With a maximum travel distance as high as 250 feet, machine room less elevators have speeds in the excess of 500 feet a minute. The MRL and geared traction elevators, both have about the same initial start-up costs, as well as their maintenance costs, Yet, the MRL elevators have a much lower consumption of energy than the geared elevators. Both, the MRL and the gear less traction elevators are nearly equal in being energy efficient, both are reliable, and they both take up less space. But, the MRL elevators are the best choice and more popular for mid-rise buildings with travel distance as high as 250 feet.

One of the main reasons that the United States has been slow about adopting the MRL elevators is due to the building codes having provisions about the motor being located in the elevators hoist-way. However, these codes have been being gradually changed. Yet, it would be in your best interest to consult with your local authorities regarding a specific MRL elevator.

Hydraulic Elevators:

Hydraulic elevators have a piston that is located at the elevator’s base to support it. The piston shoves the elevator upward while the motor moves a fluid (usually an oil, but it could be a different type of hydraulic fluid) into the piston. As the elevator is descending a fluid is released through a value in the piston. These types of elevators are use in buildings that have 2 to 8 floors, traveling at speeds up to 200 ft. per minute.

On the lowest level, across from the elevator is where the hydraulic elevator machine room is located. The conventional type of hydraulic elevators has an sheave which extends under the elevator’s floor to the elevator pit, and as the elevator is descending, the sheave accepts as the pistons are retracting. Several of the configurations has a telescoping piston which will collapses, requiring a shallower hole under the pit.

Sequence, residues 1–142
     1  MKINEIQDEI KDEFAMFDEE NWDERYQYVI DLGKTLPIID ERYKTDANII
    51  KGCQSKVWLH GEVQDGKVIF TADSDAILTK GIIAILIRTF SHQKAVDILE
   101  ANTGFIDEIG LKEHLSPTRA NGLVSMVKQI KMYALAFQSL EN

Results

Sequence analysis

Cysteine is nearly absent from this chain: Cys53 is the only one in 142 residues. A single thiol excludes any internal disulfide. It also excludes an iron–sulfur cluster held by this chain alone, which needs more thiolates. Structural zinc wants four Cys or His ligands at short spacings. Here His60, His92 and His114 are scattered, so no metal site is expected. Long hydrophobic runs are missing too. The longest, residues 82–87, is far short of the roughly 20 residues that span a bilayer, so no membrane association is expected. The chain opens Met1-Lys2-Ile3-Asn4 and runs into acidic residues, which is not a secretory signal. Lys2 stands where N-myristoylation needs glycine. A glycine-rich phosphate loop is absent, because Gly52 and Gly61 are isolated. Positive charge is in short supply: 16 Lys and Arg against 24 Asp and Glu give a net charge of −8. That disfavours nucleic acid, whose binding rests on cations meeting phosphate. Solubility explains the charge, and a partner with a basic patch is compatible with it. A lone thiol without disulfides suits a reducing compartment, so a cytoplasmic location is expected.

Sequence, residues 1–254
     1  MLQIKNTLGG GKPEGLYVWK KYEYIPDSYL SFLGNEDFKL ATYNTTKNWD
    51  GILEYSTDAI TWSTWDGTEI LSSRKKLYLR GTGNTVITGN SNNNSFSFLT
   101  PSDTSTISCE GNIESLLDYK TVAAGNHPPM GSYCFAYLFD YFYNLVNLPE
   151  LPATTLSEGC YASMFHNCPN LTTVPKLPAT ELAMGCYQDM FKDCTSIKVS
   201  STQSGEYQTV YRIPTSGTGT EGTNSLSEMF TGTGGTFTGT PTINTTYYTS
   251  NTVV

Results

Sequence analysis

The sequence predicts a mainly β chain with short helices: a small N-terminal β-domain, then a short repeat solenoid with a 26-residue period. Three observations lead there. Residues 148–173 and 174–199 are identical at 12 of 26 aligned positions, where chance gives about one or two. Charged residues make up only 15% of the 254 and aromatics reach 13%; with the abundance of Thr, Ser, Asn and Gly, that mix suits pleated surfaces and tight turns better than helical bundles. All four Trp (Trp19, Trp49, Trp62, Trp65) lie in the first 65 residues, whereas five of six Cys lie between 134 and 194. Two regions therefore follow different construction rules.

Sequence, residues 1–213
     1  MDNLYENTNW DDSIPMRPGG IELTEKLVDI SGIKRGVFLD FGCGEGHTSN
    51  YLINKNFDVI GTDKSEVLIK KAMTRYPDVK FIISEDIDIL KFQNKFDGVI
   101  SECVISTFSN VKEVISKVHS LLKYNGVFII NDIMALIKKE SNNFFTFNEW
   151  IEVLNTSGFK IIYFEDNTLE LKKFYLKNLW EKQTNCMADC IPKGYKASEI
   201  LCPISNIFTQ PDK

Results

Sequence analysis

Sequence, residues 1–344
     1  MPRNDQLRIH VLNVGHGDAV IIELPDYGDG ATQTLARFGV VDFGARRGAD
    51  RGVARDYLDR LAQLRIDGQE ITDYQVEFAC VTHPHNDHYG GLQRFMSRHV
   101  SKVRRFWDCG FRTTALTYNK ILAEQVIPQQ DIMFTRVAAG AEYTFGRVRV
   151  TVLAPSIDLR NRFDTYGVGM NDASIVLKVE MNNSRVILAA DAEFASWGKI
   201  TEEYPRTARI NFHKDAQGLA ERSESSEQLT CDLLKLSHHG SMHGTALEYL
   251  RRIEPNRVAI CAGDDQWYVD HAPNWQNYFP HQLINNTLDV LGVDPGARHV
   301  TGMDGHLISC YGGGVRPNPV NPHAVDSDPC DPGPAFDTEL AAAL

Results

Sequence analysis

The maximum travel distance is around 60 ft. Hydraulic elevator’s that are hole-less may have the piston on either side of the elevator’s cab. For this configuration the telescoping pistons have been fixed in the base of the pit, so it does not need a sheave, nor a hole under the pit. Having a telescoping pistons will let an elevator travel at a distance of 50 ft., whereas, a non-telescoping piston only a travel distance of up to 20 ft. There is a combination of different ropes used with Roped Hydraulic Elevator’s, with a piston that moves the elevator. Having a maximum travel distance around 60 ft.

The initial cost for hydraulic elevator’s will be lower, as well as the maintenance costs in the future when compared to the cost of other elevator’s. On the other hand, hydraulic elevator’s will use more energy than other elevator’s, the reason is that it’s electric motor is working against gravity while it is forcing the hydraulic fluids into the pistons. There is however, a significant drawback in the hydraulic elevator’s, which is that it’s hydraulic fluid may sometimes leak and this can create a serious environmental hazard. The two key reasons that hydraulic elevators have not been as popular recently as they have been in the past due to the environmental risks involved and their high usage of energy.

Thank you for enjoying “Different Types OF Elevators“, stay tuned for more from the Elevator experts at Arizona Elevator Solutions.